About this paper:
Appears in: EDULEARN09 Proceedings
Publication year: 2009
Pages: 3608-3613
ISBN: 978-84-612-9801-3
ISSN: 2340-1117
Conference name: 1st International Conference on Education and New Learning Technologies
Dates: 6-8 July, 2009
Location: Barcelona ,Spain
Mineralogy is typically the first core curriculum course encountered in a university program for Geological Sciences. After some years of teaching this discipline in the University of Basque Country (UPV/EHU, Spain), the experience has allowed us to identify some important problems in the learning process. Notwithstanding that most students are able to remember the main characteristics of the most common minerals at the end of the course, the majority exhibits great difficulties to use this knowledge to identify them and to associate them with a formation environment. Moreover, it is noteworthy the persistence of erroneous concepts or misconceptions, which frequently are detected too late, after the exams or even in other related subjects. On the other hand, it is worth mentioning that in our actual plan of study, mineralogy is divided in two different subjects: while the first one involves the study of mineral classification and description of mineral properties, the second one is dedicated to their microscopic analysis. Although both contribute to the same knowledge, this division seems to complicate the comprehension of the mineralogy as a whole. Unfortunately, the lack of a significant learning in mineralogy prevents the students to use it in meaningful practise contexts and to understand it in the global framework of the Geological Sciences. In an effort to provide solutions and encourage autonomy and independent learning, we decided to incorporate different teaching and evaluating strategies into our course:
1. Self-reflection surveys, which provide the learners with the opportunity to identify misconceptions and to self-assess their level of understanding. Students are asked to review several statements about the material covered in class, which include the management of multiple concepts in a given scenario.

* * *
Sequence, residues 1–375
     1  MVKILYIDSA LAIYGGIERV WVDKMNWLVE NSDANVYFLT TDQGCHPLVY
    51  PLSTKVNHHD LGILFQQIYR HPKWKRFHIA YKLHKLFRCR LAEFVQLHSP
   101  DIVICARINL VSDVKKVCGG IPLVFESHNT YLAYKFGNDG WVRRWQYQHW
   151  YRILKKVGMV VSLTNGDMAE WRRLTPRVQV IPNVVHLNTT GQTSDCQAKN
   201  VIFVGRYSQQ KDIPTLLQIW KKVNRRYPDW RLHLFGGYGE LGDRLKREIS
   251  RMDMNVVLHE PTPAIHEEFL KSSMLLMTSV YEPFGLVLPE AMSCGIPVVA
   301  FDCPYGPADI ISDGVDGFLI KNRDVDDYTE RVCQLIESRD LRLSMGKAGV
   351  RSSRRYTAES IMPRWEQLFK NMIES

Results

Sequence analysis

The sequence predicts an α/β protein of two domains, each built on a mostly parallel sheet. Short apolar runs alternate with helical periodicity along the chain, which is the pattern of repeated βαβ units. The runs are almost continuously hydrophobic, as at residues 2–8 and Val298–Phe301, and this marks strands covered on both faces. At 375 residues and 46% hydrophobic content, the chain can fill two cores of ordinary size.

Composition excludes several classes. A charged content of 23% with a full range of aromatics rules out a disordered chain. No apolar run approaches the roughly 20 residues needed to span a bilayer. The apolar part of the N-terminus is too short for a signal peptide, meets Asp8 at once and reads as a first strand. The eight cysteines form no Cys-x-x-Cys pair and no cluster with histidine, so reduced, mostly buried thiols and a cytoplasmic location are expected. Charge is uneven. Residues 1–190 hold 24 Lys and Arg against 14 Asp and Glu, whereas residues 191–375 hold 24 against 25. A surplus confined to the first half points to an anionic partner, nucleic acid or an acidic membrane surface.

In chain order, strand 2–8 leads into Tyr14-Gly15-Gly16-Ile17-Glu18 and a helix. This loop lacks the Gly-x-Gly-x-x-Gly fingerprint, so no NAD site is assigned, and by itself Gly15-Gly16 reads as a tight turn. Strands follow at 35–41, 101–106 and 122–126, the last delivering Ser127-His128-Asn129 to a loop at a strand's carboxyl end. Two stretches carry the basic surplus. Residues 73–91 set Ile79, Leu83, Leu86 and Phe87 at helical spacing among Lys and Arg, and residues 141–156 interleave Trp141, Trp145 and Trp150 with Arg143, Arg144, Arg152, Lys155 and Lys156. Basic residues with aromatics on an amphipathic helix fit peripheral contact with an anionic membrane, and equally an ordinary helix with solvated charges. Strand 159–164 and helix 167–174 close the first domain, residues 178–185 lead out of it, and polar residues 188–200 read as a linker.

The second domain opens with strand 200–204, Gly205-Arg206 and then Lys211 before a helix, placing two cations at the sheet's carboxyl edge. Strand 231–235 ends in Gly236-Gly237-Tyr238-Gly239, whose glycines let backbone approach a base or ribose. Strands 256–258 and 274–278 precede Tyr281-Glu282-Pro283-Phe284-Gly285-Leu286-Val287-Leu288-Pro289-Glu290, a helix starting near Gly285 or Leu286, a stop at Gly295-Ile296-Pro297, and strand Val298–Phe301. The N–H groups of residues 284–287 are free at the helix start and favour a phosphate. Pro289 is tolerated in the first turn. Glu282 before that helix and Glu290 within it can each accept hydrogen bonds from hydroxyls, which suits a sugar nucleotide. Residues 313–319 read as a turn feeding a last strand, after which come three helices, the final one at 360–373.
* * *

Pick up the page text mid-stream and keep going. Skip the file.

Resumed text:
2. Concept mapping: students' work together in groups (some of them using specific software as CmapTools) to identify a common level of understanding by constructing a concept map about a given topic. During this stage, student collaboration is developed in a supportive learning environment, where learners may improve their initial level of understanding as a result of peer instruction by other group members.
3. Scoring rubrics: one of the main concerns when applying alternative teaching methods is to ensure sufficient content coverage and to assess learners´ improvement. Different rubrics (both analytical and holistic) have been used to evaluate to evaluate the students´ degree of achievement of the corresponding outcomes.
4. Use of LCMS (Learning Content Management System): most of these activities have been supported by eKASI, the e-learning platform developed at the University of the Basque Country as an additional resource for the education at the lecture-hall. This tool allows the students to have access to the information posted by the teachers and to approach on line collaboration and discussion of the materials.
innovation, teaching strategies, mineralogy.